“Our colleagues report that the health sector is probably the most impacted, with hospitals facing significant challenges to operate,” Stephane Dujarric, spokesman for U.N. Secretary-General António Guterres said at a Wednesday press conference in New York. “Fuel shortages, lack of safe water and other essentials are also affecting orphanages, civil protection units and other emergency services, which are also functioning with limited capacity.”

Dujarric’s assessment echoed one earlier this week by the president of the Association of Private Hospitals in Haiti. Speaking to journalists on Port-au-Prince-based Magik9 100.9 FM, Franck Généus advocated for the establishment of a humanitarian corridor in order to get medication, oxygen, water, fuel and other assistance to hospitals that were running out because of the intensifying street protests.

According to the latest U.N. situation report, 2.6 million Haitians were already facing food insecurity before the latest wave of anti-government protests and fuel shortages. The current situation has led to a slowdown of the activities by not only the U.N., which has only raised $31.7 million of the $126 million it has requested from donors, but it’s also impacting private, non-governmental efforts.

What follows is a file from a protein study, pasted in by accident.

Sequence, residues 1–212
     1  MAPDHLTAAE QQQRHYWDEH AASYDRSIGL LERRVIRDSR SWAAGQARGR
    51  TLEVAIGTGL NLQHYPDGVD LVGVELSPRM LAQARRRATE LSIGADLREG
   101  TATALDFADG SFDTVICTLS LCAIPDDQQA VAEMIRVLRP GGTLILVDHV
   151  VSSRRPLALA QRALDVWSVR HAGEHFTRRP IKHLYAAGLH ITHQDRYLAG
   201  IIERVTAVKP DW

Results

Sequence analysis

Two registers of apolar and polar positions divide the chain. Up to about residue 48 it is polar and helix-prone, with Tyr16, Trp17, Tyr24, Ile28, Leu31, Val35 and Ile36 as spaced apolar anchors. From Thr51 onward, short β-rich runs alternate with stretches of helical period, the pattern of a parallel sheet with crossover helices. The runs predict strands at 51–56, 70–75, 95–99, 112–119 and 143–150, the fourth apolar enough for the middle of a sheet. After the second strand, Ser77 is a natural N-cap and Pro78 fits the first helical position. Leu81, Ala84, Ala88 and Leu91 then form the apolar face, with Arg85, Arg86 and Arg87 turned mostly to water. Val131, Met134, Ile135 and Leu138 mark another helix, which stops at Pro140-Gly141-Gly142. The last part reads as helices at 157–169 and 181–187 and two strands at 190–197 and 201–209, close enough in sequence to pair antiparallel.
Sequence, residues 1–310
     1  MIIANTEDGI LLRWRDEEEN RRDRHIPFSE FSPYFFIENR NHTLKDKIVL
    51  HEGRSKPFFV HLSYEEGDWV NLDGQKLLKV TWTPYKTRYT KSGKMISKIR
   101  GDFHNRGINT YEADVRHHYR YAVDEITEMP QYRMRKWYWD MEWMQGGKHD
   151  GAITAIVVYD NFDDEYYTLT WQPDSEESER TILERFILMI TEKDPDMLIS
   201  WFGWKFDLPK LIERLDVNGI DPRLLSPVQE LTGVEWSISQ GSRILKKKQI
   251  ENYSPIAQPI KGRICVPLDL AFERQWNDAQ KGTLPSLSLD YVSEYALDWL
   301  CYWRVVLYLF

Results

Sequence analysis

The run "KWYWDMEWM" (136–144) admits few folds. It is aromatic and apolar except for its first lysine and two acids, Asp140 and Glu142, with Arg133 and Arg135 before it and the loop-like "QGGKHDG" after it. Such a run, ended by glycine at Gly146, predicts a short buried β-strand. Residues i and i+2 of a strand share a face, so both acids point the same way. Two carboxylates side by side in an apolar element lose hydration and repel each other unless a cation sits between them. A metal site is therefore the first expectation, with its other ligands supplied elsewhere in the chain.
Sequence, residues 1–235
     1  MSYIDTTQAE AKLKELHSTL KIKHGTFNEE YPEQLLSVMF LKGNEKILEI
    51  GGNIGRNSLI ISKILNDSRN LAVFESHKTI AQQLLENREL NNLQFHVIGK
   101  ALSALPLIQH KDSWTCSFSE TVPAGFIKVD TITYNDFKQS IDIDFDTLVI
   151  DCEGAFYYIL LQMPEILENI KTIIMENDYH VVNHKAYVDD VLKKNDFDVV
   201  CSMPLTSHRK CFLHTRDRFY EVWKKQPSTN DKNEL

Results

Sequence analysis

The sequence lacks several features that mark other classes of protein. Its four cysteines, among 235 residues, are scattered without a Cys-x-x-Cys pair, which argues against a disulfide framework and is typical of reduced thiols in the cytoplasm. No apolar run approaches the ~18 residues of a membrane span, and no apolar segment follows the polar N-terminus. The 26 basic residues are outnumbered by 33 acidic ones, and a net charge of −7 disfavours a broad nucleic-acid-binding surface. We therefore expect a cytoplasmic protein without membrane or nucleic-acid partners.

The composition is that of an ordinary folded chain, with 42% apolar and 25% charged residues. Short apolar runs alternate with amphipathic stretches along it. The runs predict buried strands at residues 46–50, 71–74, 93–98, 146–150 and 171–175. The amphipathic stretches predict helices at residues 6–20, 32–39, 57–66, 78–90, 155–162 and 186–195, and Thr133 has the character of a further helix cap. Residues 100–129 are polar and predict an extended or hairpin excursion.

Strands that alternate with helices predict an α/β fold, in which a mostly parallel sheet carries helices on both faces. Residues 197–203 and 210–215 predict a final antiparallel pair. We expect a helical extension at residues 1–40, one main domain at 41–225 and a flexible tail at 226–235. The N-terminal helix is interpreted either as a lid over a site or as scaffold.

Mark A.V. Petersen, a U.S.-based lawyer who helps bring education, potable water, medical and dental services to the town of Bois Tombe east of Port-au-Prince, near the town of Fond Verrettes, said all economic activity has ground to a standstill outside of the capital.

“The 6-7 million people in Haiti outside of Port-au-Prince and other large cities can no longer get propane, rice, gasoline, diesel fuel or cooking oil. In our little village, that means we are no longer feeding children in the school,” Petersen said. “Farmers in remote areas cannot access markets for potatoes, beans, meats, and root vegetables. These goods are rotting at the point of production.”

Petersen said his Friends of Haiti organization, which is supported by the District of Seville in Spain, is the primary source of food for about 500 students in Bois Tombe, who are so poor that they cannot get food at home. These days, however, “we cannot get access to fat, whether it comes from vegetable or canola oil or from animal fat. So, because we cannot get fat or fuel, we cannot cook. The stocks of food are rotting in the mountains.”